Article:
National Eating Disorders Association

Mental Health Conditions

An eating disorder diagnosis can be challenging enough on its own, and many individuals have other issues that can accompany the eating disorder. Anxiety, depression, and obsessive-compulsive disorder (OCD) are just a few additional mental health diagnoses that frequently co-occur with eating disorders. Sometimes, these other disorders may be a result of eating disorder behaviors, as binging, purging, and restricting can all cause psychological distress. 

A co-occurring mental health diagnosis can begin around the same time as an eating disorder, can precede it, or can emerge after the eating disorder has already begun. Mood and anxiety disorders most commonly occur alongside eating disorders, and post-traumatic stress disorder is also common. 

Some mental disorders can be risk factors for eating disorders, indicating that a person may be more likely to later develop an eating disorder. A study of more than 2,400 individuals hospitalized for an eating disorder found that 94% of the participants had a co-occurring mood disorder, with 92% of those in the sample struggling with a depressive disorder. Of the 56% of individuals who were diagnosed with anxiety disorders, 20% had OCD.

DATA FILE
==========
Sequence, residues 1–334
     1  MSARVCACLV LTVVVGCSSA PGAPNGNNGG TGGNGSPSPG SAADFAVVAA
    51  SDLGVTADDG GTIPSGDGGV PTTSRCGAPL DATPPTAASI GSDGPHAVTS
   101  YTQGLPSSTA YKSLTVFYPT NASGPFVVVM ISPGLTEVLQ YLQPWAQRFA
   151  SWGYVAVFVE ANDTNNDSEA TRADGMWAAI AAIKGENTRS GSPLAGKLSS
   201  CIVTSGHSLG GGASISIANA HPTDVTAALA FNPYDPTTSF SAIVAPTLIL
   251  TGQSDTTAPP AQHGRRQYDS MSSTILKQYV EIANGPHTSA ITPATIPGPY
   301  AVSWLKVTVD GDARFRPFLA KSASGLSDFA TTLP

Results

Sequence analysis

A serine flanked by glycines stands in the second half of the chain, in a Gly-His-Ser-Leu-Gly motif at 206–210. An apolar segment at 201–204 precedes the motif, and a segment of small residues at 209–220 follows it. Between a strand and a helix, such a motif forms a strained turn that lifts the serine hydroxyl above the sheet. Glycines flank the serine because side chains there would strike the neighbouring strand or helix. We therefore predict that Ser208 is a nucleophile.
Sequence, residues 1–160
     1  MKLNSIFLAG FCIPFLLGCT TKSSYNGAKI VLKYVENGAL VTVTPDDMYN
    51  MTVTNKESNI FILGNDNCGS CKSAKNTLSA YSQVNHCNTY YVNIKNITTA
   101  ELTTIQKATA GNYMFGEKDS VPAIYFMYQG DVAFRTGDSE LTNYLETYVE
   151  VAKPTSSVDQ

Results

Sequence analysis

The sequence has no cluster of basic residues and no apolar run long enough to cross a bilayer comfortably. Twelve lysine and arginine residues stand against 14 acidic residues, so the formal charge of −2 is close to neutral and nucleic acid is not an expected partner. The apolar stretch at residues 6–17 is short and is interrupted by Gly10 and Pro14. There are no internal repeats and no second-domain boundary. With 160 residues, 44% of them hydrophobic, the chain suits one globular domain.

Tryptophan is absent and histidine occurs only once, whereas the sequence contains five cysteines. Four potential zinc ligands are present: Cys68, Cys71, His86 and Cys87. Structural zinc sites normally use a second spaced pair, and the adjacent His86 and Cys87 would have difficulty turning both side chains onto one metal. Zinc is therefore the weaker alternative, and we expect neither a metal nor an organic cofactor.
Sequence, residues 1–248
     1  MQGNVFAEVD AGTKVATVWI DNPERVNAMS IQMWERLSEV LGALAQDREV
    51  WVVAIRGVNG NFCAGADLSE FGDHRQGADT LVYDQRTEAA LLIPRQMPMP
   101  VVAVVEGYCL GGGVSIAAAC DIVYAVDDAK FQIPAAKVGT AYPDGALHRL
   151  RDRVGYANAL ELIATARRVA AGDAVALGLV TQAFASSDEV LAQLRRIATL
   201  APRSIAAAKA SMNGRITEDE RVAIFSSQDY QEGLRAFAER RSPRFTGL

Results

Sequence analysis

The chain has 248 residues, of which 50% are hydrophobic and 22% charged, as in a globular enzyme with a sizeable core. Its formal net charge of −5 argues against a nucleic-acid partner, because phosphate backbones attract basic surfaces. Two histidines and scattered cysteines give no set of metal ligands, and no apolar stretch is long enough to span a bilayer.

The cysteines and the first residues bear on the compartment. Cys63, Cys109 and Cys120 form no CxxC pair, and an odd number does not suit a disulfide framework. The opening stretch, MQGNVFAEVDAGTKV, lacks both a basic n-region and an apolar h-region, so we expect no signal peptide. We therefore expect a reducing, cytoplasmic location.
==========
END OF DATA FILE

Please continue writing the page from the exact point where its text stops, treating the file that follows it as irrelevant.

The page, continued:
Recent research finds that 32-39% of people with anorexia nervosa, 36-50% of people with bulimia nervosa, and 33% of people with binge eating disorder are also diagnosed with major depressive disorder. 48-51% of people with anorexia nervosa, 54-81% of people with bulimia nervosa, and 55-65% of people with binge eating disorder are also diagnosed with an anxiety disorder.

Infographic: Eating Disorders & Co-Occurring Conditions

Co-Occurring Conditions InfographicGet the facts on eating disorders and co-occurring conditions with our infographic!




Major Depressive Disorder is the most commonly diagnosed form of depression. Approximately 16.1 million adults aged 18 years or older in the U.S. had experienced at least one major depressive episode in the last year, which represented 6.7% of all American adults. Depression is the leading cause of disability in the United States among people ages 15-44.

Anxiety Disorders are the most common and pervasive mental disorders in the United States and can affect anyone at any age. Anxiety and stress are natural responses to every day stressors--if the feelings of anxiety are extreme and begin to interfere with one's daily life, then it may be a sign of an anxiety disorder.